On March 11, it will be the year anniversary of the World Health Organization declaring COVID-19 as a global pandemic.
After a year of crisis, and with many looking for messages of hope and recovery, how can organizations mark the occasion and help their communities? For CHC: Creating Healthier Communities, a nonprofit dedicated to helping change health outcomes for communities around the country.
As its cause, the team decided to focus on health equity, an issue that has risen to the fore during the COVID-19 pandemic as Black, Hispanic and Native American communities have faced disparate outcomes from the virus. To make a difference, CHC is calling for a day of giving, with funds to be raised to try and address health equity and aid nonprofits across the country who have suffered lost donation revenue during the crisis. The campaign has raised $150,000 so far with cash and in-kind donations.
“Good health is the great equalizer. But the health of our communities has never been more off balance,” says Thomas G. Bognanno, president and CEO at CHC on the landing page of its new initiative. “The COVID-19 pandemic magnified longstanding health inequities that disproportionately impacted people in under-resourced communities—with communities of color most significantly affected.”
Nonprofits take hit from pandemic
The idea behind the campaign, which CHC calls #ForHealthEquity, was an acknowledgement that COVID-19 has created tough times for many nonprofits across the country who have had a difficult time fundraising during an adverse economic moment.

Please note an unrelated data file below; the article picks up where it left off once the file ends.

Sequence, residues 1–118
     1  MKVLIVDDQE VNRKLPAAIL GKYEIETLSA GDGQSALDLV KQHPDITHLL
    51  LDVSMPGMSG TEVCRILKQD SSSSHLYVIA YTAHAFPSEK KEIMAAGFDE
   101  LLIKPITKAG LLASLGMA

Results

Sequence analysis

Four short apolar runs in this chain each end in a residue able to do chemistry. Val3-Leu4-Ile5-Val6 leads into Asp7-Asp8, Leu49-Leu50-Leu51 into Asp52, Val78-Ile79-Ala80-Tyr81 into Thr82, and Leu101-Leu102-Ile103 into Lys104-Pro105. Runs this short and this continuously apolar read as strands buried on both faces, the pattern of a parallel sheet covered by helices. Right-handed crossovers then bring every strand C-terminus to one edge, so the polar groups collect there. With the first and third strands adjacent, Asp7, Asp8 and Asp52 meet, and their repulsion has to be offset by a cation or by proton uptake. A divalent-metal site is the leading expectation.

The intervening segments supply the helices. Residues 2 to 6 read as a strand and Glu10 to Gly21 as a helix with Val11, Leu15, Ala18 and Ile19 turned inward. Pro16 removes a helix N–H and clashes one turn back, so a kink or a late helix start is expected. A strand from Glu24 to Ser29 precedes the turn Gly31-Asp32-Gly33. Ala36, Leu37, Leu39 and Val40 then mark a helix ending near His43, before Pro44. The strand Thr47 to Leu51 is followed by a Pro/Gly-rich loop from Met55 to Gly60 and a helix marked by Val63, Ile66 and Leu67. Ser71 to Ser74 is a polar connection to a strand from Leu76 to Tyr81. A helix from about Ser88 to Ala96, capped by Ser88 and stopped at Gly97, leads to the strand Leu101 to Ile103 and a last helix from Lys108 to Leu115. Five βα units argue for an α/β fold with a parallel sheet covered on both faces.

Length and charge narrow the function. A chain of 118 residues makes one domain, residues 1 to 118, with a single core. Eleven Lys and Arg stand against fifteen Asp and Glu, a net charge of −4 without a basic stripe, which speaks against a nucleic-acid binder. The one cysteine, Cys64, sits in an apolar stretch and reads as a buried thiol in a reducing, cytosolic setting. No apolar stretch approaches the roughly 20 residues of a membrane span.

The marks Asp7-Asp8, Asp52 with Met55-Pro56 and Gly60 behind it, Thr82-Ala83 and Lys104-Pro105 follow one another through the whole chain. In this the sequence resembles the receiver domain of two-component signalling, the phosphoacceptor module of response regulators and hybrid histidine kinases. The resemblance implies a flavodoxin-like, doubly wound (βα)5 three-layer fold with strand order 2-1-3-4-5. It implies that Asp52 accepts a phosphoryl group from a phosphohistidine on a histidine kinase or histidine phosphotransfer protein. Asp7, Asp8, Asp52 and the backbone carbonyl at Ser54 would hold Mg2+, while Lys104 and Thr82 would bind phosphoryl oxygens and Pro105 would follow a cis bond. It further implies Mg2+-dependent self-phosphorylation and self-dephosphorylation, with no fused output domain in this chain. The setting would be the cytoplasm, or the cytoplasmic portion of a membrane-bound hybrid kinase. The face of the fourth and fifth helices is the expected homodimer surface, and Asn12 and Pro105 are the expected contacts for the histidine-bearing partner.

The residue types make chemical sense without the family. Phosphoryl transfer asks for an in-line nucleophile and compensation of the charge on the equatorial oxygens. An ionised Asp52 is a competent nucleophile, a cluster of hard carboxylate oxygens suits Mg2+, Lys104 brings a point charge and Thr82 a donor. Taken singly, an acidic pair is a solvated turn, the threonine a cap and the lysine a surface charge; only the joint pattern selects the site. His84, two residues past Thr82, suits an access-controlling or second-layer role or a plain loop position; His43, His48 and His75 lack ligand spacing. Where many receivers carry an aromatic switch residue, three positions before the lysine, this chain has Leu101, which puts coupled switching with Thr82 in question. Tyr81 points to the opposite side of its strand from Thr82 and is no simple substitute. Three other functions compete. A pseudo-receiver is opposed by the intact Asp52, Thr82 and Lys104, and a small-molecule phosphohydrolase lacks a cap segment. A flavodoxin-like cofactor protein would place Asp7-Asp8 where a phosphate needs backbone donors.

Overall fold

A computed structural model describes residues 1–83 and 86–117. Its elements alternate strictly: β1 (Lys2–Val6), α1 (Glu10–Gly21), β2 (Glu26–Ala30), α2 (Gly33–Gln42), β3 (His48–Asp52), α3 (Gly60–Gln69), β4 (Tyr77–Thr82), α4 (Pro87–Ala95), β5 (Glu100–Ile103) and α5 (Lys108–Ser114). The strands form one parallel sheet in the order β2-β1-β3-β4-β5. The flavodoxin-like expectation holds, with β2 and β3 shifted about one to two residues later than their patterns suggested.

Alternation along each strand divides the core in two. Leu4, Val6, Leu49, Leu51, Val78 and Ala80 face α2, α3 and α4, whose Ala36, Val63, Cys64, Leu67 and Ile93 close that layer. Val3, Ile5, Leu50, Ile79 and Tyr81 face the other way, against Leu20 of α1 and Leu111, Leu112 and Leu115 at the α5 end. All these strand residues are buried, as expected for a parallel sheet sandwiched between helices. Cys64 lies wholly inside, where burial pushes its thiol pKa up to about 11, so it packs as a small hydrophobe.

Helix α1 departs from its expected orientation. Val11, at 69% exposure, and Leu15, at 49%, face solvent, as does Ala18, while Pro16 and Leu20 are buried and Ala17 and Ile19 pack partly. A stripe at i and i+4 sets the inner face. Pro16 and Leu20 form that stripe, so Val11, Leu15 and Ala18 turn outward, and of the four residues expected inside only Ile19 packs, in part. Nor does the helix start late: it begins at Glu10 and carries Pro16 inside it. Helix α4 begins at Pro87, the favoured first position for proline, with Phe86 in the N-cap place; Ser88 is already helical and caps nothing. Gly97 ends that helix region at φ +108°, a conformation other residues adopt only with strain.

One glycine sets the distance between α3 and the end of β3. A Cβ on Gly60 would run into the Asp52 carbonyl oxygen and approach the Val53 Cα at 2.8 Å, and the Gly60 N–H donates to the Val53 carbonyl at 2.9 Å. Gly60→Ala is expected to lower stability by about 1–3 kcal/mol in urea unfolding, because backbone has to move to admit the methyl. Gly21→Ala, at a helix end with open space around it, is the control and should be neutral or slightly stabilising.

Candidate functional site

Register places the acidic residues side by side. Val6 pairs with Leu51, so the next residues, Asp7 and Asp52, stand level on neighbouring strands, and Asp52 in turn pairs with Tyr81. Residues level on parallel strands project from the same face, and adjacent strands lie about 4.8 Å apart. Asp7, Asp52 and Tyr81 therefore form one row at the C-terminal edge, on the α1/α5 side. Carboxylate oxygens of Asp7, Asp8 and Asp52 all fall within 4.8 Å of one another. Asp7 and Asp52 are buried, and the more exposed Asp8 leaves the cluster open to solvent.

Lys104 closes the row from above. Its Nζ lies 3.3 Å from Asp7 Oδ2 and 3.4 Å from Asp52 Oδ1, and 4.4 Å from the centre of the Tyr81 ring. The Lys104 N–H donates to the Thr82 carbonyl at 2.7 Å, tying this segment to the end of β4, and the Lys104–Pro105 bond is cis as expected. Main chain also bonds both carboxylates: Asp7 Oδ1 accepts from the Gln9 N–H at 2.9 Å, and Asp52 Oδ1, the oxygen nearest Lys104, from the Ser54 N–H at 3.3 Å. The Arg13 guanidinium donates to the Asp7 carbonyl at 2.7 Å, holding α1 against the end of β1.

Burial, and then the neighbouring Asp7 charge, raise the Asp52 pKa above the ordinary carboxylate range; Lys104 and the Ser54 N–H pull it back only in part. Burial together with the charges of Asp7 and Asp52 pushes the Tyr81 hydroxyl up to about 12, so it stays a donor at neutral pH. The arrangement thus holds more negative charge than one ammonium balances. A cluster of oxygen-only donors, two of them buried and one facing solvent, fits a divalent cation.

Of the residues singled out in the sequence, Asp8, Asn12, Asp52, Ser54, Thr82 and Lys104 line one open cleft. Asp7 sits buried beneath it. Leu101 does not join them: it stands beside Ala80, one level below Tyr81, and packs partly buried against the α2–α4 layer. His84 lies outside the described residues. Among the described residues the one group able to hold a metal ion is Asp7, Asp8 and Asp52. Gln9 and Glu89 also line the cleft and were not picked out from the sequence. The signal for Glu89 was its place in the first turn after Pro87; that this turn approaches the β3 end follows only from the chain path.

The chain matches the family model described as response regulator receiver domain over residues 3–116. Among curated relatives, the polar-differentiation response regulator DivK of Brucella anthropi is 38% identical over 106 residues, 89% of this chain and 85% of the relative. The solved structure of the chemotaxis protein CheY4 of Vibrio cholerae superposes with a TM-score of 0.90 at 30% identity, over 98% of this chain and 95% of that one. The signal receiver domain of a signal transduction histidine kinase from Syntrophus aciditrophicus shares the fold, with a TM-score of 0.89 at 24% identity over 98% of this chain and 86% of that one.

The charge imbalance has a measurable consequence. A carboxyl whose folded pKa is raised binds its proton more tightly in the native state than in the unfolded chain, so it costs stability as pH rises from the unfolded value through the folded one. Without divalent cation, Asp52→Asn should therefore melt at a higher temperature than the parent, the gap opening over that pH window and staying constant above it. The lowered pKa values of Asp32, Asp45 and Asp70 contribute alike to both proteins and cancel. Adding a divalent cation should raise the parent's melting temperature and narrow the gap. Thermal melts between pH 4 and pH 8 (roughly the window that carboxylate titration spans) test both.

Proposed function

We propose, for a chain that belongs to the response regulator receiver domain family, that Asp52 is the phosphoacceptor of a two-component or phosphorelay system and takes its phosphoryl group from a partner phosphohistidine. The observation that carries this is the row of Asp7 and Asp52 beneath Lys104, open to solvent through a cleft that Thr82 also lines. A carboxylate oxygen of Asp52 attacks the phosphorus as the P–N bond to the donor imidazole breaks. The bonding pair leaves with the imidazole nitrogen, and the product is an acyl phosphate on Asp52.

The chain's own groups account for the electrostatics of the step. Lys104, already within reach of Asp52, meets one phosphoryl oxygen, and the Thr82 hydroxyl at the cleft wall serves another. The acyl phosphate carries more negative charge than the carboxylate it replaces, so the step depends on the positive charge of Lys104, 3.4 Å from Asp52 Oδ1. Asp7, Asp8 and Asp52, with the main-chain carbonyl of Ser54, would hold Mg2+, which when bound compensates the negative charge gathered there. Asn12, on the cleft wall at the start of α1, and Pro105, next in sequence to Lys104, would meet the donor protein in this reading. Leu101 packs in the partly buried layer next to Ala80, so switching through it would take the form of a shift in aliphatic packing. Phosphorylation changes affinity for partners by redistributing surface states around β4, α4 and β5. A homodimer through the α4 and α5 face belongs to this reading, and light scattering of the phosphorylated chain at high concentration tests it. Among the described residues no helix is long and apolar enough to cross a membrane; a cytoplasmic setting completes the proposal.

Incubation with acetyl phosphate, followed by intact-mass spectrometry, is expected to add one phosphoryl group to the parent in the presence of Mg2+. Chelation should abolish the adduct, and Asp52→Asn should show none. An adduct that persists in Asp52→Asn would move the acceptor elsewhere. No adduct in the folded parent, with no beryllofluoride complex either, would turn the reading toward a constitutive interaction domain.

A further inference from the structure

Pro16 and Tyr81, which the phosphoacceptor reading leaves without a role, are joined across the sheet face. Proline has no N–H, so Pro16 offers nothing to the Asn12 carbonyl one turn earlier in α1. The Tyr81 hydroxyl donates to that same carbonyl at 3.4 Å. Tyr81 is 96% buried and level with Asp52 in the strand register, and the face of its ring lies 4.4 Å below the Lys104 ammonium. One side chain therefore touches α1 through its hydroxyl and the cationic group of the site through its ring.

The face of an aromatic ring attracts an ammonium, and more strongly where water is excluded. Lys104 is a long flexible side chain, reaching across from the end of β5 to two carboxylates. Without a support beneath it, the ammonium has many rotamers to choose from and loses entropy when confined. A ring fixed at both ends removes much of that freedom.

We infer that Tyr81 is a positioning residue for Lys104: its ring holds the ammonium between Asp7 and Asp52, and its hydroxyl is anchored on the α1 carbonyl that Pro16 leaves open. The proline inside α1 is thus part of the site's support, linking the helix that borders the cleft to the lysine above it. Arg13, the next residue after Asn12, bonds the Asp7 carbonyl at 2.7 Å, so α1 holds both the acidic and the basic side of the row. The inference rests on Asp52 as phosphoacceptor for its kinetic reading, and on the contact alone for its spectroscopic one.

The effort was to raise money to fund grants, which CHC could then give to organizations who have been left behind during the crisis and also to serve communities who have been disproportionately affected by the virus.
“The goal is to raise the awareness—and the money—for groups that are addressing some of these health equity issues,” says Amanda Ponzar, chief communications and strategy officer for CHC, “especially knowing that, if you’re not feeding America or some of the frontline responders, it has not necessarily been a great year for some of these groups in some of these communities.”
Digital organizing toolkits
The effort also hopes to give nonprofits and other the tools to raise funds and organize around the anniversary of the pandemic with toolkits that can be customized. Toolkits include badges and logos for organizations to use, as well as templates that can be customized, like a sample press release, fact sheet and media partner pitch.
The toolkit is central to CHC’s effort to bring others in to engage on the issue of health equity and create community around a common cause. “It makes it all easy to be part of the campaign,” explains Ponzar.
“The graphics are done, the copy is done. The toolkits are done.” By offering the tools, CHC hopes to remove as many barriers as possible for organizations to get involved, with 25 participating organizations so far.
A spotlight on equity
When asked if there are any lessons to share about delivering a message about health equity in our polarized national climate, Ponzar says that the response has been overwhelmingly positive—and sometimes even surprising. For example, the geographic market that has been the most responsive to the campaign has been Oklahoma, in part because of CHC’s earlier investments in health care work for Native American communities in the region.